14. Lisa, where is the butter in this? In your other biscuit recipes you use butter. In this recipe what takes the place of the butter. I was thinking it was the heavy cream, but the other recipes have milk or butter milk in addition to the butter so I am just a little confused. Don’t want to waste a lot of ingredients and time. Thanks.

  15. I am curious why we flour is on your list of real foods….wheat is now genetically modified to the point where it is very unhealthy.

    1. Lisa, where is the butter in this? In your other biscuit recipes you use butter. In this recipe what takes the place of the butter. I was thinking it was the heavy cream, but the other recipes have milk or butter milk in addition to the butter so I am just a little confused. Don’t want to waste a lot of ingredients and time. Thanks.


    2. Sorry Cindy, did that reply wrong. I was looking at your post and typing to Lisa at the same time. I was thinking about your post because most wheat is still not GMO at this point. I use to think that as well and found out I was wrong. But you’re right, it is probably going that way. Most wheat is cross pollinized with other wheat varieties, but their DNA is not genetically modified. They cross different strains of wheat to create a shorter wheat stalk that can stand up in bad winds and other weather damage. Sometimes this happens unintentionally on farms when pastures of different varieties of plants are planted in neighboring fields.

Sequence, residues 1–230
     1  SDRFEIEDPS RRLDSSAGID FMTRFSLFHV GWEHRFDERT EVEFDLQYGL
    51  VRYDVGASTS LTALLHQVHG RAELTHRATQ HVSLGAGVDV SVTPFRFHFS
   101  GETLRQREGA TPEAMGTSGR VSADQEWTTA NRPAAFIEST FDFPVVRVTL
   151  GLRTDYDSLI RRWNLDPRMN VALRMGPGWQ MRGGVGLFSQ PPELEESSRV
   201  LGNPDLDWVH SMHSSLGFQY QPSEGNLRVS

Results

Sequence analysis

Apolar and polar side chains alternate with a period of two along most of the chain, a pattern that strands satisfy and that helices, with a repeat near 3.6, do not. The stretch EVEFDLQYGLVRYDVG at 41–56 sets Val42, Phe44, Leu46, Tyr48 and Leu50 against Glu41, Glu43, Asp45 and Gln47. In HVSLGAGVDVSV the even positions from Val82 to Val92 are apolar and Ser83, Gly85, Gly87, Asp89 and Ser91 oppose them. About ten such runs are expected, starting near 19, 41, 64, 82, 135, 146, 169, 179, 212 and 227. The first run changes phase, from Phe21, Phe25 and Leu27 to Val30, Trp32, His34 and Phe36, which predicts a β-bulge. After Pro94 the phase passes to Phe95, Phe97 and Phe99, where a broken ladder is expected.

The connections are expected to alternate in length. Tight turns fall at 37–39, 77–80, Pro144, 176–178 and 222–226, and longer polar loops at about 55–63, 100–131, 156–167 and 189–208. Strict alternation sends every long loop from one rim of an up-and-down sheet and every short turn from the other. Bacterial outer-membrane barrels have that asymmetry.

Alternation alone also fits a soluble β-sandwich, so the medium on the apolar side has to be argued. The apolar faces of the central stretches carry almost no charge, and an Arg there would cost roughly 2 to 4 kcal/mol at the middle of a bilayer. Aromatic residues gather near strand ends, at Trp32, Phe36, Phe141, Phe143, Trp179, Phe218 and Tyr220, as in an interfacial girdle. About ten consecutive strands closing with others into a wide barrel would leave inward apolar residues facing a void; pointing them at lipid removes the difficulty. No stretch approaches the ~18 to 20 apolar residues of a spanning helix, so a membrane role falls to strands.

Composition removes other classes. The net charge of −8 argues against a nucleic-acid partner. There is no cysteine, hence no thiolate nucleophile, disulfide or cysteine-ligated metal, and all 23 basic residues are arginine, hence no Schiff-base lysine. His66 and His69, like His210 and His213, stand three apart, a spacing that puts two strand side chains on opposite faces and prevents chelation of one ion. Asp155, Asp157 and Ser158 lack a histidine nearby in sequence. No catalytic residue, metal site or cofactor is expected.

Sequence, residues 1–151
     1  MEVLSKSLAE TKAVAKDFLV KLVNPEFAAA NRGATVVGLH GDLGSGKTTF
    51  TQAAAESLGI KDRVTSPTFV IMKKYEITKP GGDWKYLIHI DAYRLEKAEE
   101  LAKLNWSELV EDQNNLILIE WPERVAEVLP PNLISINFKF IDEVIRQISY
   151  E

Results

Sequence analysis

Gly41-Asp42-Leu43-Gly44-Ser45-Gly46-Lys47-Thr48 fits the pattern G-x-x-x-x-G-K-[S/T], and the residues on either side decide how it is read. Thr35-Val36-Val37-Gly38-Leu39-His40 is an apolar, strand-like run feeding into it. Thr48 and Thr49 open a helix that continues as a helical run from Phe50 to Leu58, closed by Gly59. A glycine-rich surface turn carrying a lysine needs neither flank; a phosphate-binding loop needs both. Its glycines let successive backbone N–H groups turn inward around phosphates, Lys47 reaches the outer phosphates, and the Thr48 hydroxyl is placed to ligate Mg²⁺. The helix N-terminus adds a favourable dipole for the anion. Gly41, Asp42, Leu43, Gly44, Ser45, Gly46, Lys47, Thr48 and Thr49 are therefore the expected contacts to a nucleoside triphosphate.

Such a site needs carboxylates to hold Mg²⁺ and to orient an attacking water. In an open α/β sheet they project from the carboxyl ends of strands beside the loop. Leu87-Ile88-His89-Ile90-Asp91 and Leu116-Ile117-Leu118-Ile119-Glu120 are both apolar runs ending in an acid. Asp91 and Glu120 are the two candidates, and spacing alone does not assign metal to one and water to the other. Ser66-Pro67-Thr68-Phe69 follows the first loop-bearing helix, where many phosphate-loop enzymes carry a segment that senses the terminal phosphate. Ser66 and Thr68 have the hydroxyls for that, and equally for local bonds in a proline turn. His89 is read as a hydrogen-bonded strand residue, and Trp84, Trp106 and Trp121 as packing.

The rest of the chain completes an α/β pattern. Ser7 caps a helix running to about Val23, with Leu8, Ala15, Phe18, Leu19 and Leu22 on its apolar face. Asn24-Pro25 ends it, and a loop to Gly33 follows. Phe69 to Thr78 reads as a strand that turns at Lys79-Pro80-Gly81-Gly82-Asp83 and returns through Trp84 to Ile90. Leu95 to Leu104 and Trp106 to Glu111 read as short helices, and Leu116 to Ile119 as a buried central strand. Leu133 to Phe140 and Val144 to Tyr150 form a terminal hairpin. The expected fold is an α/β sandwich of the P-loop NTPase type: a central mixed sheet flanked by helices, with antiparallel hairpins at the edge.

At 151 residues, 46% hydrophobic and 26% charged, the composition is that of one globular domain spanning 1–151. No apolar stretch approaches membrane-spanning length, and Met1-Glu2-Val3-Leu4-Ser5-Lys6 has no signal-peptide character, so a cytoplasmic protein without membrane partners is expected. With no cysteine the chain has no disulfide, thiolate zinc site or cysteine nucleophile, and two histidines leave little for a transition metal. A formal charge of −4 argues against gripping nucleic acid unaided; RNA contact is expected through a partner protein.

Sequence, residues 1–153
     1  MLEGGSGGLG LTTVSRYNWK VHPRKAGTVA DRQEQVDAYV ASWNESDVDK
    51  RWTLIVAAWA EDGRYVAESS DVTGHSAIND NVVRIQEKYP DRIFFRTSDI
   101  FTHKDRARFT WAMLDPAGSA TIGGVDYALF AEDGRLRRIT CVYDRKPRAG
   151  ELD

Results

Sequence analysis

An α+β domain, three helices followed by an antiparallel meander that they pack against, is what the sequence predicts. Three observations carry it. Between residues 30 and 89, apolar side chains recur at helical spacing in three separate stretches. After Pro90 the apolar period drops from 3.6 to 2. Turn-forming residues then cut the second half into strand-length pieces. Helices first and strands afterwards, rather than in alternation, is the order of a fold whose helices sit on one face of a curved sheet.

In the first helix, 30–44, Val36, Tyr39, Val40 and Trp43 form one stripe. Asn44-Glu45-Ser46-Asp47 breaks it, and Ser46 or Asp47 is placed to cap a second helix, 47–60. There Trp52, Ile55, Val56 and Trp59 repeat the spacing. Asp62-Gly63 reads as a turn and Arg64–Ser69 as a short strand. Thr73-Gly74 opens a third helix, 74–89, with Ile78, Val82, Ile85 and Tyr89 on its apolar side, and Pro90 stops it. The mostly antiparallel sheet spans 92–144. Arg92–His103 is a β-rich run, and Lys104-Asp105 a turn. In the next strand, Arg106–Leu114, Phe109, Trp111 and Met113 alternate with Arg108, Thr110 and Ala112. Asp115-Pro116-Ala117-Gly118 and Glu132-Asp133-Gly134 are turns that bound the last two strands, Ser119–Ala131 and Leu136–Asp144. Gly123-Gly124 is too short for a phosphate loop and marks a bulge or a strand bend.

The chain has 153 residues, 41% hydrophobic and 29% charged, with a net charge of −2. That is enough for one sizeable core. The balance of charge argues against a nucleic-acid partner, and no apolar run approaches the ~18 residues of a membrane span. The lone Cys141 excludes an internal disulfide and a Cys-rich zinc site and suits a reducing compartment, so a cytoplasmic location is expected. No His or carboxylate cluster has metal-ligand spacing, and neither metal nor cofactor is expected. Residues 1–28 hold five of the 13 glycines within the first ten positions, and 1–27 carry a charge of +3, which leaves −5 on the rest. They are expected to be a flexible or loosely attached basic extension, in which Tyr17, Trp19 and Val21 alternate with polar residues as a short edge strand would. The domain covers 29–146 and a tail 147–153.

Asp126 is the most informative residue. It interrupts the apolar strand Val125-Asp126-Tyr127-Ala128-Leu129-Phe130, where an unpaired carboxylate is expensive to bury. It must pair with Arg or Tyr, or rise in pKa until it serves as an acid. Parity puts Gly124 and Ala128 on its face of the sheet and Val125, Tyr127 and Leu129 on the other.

1. Thank you for your reply Julie! May I ask where you have this information from? I try so hard to stay healthy and i read a lot about wheat. It is so hard to know the truth. I have several books from Dr. William Davis on the issues with wheat. Any recommendations on good, accurate articles? I’ve been killing myself trying to keep my family away from wheat. .ugh… for nothing?

  16. I discovered Bob’s MIll WW pastry flour a few months ago and LOVE it! I use it in everything…pancakes, waffles, muffins, and now I’m excited to try this recipe. One bummer though-I tried 2 major grocery stores and both said that whipping cream IS the same as heavy cream, although I told them it’s not. Do you think it’ll work with whipping cream? I so want to try these tonight!

    1. There’s “whipping cream” and “heavy whipping cream” in our stores, and I prefer the “whipping cream” for most things (although it is harder to find for some reason). I would think either would work for a biscuit.

    1. I say no. I have white whole wheat for making bread but I use my ww pastry flour for making muffins, waffles, pancakes etc & it makes a world of difference, Way softer in texture than white or reg whole wheat. Try it & you;ll see the difference! I use Bobs red mill.

  17. That is so funny….I have been asking myself ever since I started reading the blog over a year ago, “Why doesn’t Lisa use WW pastry flour???” I should have commented so maybe you could have discovered it sooner! We love to make your pumpkin muffins and the cinnamon-raisin bread with WW pastry flour. I’ve also had success in making the WW flour tortillas with pastry flour! Hope this inspires you to create lots of yummy new muffin/quick bread recipes!

  18. I have been using Bob’s Red Mill Whole Wheat Pastry flour in everything, except tortillas, for years, Love it. This recipe sounds good, and looks easier than regular biscuit recipes, that have you cut in butter. The only issue is I usually have milk and butter on hand to whip up a batch whenever I want, not so with heavy cream. Would have to get it especially for this.